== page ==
The young Rio Grande turkeys with their 2 moms have spent most of the morning in the yard. They are kept company by two yearling does that spend a lot of time inside the fence. They’ve eaten all the bird seed on the ground by the water trough, had their morning drink, and are pecking around for grass seeds and insects. They stray further apart these days, sometimes splitting into 2 groups.
One group, led by one of the moms, headed down the hill to check out the turkey feeder. One of the youngsters was trailing behind the group and spent a few minutes stressed as to how to get out of the fence. Of course, he could fly over, but for some reason they don’t always do that except as a last resort. The babies have been just walking through the spaces in the goat wire but they are now bordering on being too big for that. After much running back and forth and showing signs of panic, he squeezes through and takes off at a trot to catch his family. Which is good; I was starting to panic with him!
I’ve sat around drinking coffee and watching them for way too long now. It’s easy to get caught up in their daily lives. There is a rhythm to everyday life in the country. It causes you to slow down and look around you. The seasons change, the harvest ripens, the deer lose their velvet, the baby turkeys grow up.
But I need to get going with one of my ongoing chores - cutting down little cedars with my Fiskars pruning stick lopper! (This is an awesome tool with a grip that slides and does the cutting.) It’s a constant battle to keep them from taking over the whole place. I love these cedars (technically, they are ashe junipers, not cedars). I love the smell of them, the way the temperature seems to drop 20 degrees when you get under them, and the beautiful blue berries they have. But they tend to want all the land and we have to share.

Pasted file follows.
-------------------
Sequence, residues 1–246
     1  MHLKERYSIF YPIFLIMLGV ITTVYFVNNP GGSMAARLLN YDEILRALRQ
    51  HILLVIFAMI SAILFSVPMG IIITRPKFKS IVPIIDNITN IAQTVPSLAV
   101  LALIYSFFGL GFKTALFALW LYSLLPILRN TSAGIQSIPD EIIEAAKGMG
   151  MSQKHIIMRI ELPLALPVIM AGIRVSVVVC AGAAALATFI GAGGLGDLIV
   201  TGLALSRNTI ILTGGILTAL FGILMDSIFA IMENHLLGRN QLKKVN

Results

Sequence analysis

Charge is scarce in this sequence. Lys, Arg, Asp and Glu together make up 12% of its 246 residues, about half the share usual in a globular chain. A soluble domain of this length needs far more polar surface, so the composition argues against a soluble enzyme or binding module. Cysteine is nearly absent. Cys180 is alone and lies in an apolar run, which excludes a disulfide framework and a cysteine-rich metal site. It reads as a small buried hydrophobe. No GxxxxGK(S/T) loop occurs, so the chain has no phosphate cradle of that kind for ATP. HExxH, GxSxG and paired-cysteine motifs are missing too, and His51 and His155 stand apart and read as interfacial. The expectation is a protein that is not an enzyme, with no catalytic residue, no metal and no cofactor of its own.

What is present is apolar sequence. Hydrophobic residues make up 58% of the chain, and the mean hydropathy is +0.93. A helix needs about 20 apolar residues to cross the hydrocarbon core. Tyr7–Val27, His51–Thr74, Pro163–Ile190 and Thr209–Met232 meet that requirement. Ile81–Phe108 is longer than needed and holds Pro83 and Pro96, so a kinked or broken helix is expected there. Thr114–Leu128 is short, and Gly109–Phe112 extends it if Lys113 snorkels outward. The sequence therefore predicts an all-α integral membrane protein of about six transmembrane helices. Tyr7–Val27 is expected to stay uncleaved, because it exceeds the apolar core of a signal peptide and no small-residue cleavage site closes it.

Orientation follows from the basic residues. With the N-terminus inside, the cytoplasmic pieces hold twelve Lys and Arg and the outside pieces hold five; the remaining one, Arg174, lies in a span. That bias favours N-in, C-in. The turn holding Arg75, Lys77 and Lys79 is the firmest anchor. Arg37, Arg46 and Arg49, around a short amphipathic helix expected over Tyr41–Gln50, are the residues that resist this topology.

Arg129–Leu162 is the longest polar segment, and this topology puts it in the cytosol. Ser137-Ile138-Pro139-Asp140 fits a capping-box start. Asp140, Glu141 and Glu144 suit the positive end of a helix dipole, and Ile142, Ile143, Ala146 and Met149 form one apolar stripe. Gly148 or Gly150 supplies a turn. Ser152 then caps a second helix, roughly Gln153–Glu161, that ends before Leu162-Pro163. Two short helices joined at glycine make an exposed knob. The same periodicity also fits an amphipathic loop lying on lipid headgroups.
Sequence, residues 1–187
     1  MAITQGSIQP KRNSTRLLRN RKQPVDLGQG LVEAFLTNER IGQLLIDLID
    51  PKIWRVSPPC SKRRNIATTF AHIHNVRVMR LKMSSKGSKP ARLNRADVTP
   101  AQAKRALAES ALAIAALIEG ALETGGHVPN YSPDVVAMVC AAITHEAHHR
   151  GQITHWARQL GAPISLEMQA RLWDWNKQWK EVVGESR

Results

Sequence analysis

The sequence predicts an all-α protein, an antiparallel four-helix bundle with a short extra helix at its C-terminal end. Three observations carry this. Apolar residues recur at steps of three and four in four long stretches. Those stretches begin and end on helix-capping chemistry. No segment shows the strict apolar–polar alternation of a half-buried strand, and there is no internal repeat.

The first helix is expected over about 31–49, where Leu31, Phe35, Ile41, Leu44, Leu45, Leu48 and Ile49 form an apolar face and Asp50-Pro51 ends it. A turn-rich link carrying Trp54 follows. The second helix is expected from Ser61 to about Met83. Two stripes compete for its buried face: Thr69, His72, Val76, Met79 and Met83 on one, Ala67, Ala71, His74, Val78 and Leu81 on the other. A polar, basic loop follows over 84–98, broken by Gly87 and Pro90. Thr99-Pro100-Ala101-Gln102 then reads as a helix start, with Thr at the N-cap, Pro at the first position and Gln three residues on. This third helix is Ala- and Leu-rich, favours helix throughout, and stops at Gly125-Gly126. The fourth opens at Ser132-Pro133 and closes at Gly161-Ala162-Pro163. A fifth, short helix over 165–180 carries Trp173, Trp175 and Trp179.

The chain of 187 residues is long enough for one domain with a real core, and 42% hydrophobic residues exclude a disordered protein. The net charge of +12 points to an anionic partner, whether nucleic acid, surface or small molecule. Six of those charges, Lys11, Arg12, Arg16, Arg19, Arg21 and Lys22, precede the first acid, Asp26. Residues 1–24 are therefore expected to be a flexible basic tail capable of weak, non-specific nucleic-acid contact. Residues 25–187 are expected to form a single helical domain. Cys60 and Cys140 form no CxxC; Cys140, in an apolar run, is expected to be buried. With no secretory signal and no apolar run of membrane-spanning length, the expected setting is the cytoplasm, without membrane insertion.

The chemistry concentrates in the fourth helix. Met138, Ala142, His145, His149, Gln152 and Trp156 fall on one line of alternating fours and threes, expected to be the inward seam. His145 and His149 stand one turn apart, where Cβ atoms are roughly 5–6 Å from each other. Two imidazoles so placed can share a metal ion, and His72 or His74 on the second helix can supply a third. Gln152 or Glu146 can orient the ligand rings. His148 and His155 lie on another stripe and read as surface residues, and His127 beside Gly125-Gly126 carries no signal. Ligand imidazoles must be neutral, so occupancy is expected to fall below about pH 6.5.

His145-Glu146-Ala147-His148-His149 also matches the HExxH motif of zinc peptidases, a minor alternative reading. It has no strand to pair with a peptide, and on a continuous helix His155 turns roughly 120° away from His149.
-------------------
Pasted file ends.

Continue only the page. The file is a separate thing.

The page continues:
I like this chore. It takes me walking over the property to places I don’t normally go. There are so many beautiful spots; “the woods are lovely, dark and deep”. I see sheltered places, the ground covered with oak leaf mulch, a spot cleared and soft where a deer has been sleeping, and think if I was 10 years old, this would be my hideout! I find lace cactus and female Mexican persimmons, the ones with fruit that the wildlife love. And signs that men have left - fencing wire in the corners, a couple of pieces of tin roofing, faded beer cans with pop-tops, and Vienna Sausage cans. Some of the cans have bullet holes where some long ago youngster practiced his shots, getting ready for the “muy grande” buck to come into his sights later in the season. Or from some good ole boys just trying to see who’s the best shot.
I grab my cedar loppers and I’m off on my chore, wondering what I might run across out there today. Hopefully not the mountain lion that was at my neighbors the other night! And if I live to be so old I can’t walk I hope one of the memories I keep is walking this land that I love, with a cool breeze that promises fall drying the sweat from “honest” work, as my dad called it, following the trail home to the cabin.
(Photo - trail left by Woodrow, Gus, and the deer)